A pre-meeting survey by ACTG was conducted to gather information about taxation of the informal economy across Nigeria. It was administered to 7 respondents via an online form and the participants included tax officials from Niger State Internal Revenue Service, Plateau State Internal Revenue Service, Borno State Internal Revenue Service, Edo State Internal Revenue Service, Ekiti Internal Revenue Service, Lagos Internal Revenue Service and Sokoto State Internal Revenue Service.
The data collected was analysed to identify key findings and trends in the selected states. The survey was sent to participants to complete before the meeting. The results of the survey was presented at the meeting by Mustapha Ndajiwo. The survey asked some pertinent questions about the position of the revenue administrations on taxation of the informal sector in the areas of:
The survey revealed that the respondents categorise the following as beneficiaries of the informal sector smallholder businesses, unstructured businesses, high net individuals, professionals/self-employed persons that PAYE does not apply to. All respondents agreed 100% that taxing the informal sector is a priority to them because they constitute the bulk of the population, therefore the largest tax base. It also revealed that the revenue administrations of the respondents have efforts to reform the taxation of the informal sector. Some of the challenges identified from the survey responses were resistance and low compliance of tax payment, lack of informal sector database and lack of specific traceable address of taxpayers.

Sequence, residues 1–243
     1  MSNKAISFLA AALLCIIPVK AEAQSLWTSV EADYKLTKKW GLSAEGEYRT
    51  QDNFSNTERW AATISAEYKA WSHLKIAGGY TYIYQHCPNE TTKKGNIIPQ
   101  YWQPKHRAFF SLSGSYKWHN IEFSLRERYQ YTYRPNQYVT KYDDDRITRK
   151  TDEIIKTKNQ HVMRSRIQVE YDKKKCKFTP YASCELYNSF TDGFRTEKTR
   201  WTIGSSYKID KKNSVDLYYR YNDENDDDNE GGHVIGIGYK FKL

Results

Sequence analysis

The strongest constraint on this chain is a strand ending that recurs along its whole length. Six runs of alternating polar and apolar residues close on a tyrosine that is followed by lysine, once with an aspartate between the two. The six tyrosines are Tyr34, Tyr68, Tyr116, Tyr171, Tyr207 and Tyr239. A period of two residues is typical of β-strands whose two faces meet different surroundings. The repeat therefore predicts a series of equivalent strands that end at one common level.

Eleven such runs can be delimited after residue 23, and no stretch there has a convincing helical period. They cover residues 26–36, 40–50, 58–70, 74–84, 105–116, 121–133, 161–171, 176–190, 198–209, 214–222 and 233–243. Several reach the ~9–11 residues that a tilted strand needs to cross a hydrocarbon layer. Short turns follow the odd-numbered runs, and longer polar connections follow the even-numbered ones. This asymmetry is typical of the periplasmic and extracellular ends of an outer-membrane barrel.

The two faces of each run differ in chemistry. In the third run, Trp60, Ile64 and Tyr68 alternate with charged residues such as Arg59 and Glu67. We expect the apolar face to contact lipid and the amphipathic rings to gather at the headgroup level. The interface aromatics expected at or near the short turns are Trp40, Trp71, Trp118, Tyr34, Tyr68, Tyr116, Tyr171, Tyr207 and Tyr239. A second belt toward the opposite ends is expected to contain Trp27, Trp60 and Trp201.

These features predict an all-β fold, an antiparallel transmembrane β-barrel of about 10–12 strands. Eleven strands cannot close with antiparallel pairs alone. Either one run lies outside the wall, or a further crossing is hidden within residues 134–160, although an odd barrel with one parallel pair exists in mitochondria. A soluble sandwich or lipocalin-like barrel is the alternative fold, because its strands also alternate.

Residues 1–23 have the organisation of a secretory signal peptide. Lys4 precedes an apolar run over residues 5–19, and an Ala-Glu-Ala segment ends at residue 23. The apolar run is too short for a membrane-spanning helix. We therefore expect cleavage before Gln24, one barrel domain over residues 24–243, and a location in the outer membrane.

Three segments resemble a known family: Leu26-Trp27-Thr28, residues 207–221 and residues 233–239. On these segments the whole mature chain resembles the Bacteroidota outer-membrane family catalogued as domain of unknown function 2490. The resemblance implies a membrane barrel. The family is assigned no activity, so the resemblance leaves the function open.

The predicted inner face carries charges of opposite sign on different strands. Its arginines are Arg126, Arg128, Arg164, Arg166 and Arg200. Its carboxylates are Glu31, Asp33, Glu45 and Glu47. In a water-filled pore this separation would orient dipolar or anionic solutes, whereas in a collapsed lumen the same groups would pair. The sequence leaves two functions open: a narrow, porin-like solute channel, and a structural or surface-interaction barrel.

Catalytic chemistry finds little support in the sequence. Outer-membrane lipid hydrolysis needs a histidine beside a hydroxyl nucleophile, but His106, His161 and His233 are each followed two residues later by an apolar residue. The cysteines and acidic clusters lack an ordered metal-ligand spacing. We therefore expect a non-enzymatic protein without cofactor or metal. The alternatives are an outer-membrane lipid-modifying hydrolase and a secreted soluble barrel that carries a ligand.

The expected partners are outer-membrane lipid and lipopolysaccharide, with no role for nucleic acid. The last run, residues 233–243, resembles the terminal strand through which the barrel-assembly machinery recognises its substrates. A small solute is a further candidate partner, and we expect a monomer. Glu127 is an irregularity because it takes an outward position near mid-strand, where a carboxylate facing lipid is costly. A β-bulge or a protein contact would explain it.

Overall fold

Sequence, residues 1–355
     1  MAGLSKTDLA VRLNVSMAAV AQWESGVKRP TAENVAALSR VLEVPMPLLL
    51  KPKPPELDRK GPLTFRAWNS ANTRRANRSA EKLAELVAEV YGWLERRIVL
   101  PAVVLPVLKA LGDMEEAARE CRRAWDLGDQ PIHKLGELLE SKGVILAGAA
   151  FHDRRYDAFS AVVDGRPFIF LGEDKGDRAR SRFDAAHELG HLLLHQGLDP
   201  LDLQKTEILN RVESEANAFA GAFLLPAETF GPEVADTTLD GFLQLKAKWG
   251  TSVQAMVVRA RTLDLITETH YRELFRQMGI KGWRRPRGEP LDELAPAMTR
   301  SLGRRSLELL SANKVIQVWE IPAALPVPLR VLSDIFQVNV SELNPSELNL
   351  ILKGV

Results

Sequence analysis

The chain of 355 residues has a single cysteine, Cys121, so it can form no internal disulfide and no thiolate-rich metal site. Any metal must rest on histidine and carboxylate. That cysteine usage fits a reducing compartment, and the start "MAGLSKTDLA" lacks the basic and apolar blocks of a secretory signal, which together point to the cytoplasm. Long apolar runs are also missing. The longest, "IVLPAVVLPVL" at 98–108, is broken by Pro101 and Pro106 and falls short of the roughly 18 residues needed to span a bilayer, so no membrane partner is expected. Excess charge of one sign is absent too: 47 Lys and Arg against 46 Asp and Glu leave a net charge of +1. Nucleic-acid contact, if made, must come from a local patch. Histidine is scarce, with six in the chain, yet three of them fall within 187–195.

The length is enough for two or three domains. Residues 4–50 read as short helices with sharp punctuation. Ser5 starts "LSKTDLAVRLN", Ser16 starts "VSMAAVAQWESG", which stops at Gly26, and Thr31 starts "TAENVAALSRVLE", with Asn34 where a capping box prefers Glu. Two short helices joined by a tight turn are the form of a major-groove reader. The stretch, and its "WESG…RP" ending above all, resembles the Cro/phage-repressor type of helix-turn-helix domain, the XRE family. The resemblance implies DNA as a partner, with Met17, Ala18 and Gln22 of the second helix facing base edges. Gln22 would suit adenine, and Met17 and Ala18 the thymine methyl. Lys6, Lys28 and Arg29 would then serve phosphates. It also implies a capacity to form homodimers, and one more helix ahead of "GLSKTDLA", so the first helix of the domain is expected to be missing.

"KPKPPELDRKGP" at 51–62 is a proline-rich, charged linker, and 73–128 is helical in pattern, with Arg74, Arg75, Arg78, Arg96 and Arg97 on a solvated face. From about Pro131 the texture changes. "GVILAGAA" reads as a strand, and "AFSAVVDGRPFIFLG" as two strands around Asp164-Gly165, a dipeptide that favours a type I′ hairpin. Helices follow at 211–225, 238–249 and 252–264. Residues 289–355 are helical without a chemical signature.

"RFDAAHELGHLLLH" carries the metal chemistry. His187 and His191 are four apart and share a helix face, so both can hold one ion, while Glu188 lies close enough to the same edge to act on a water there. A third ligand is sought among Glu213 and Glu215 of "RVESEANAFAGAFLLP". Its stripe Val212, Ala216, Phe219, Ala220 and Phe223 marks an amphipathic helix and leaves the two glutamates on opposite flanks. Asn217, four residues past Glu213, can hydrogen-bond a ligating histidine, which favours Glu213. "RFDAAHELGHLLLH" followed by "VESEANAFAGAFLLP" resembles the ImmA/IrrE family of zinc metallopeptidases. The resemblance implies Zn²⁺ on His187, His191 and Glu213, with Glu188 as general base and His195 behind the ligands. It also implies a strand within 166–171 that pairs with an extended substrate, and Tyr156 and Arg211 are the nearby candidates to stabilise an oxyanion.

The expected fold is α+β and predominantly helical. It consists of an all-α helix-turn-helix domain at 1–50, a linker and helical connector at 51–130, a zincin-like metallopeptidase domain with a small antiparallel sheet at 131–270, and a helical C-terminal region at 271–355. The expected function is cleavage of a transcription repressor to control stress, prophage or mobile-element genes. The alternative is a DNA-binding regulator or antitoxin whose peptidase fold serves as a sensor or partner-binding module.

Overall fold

The survey also revealed some areas the revenue administrations identified for tax reforms such as land administration, education, internet businesses, entertainment etc. The survey in general highlighted the reform efforts on taxation in general by the revenue administrations such as the introduction of tax identification numbers by Ekiti Internal revenue service; taxpayers education, sensitization and use of technology by Borno Internal Revenue Service; automation of processes and collection by Plateau Internal Revenue Service etc. 83.3% of the respondents said they have a digital transformation strategy in place, with Sokoto Internal Revenue Service being the only one without it. This indicates the readiness of the tax administrations to digitalise their tax systems.
The participants had a one session with each other to share experiences and also learn from each other. The session also provided an opportunity for partnership in areas they share mutual interests. It was a very enlightening session.
Dr. AbdulRauf Aliyu presented on compliance in the informal sector in Nigeria, using Niger State as a case study. In his presentation, he provided an overview of the Nigerian informal sector and its potential economic contribution to the economy. Dr. AdbulRauf also highlighted the factors hindering the informal sector tax compliance in Nigeria and also suggested ways to improve the compliance. He further highlighted the methods of taxing the informal sector.
He presented his findings on the informal sector taxation in Niger State, where he highlighted the approach of the Niger State Internal Revenue Service and the strategies they deployed. His findings revealed the technology deployed, value proposition, revenue forecast and critical success factors.
The event was closed with a remark by Mustapha. In his closing remarks, Mustapha thanked the participants and key stakeholders present. He stressed on the importance of collaboration and knowledge sharing among revenue administrations in Nigeria and that revenue administrations should pursue efforts to collaborate with revenue researchers and tax organisations such as the ICTD.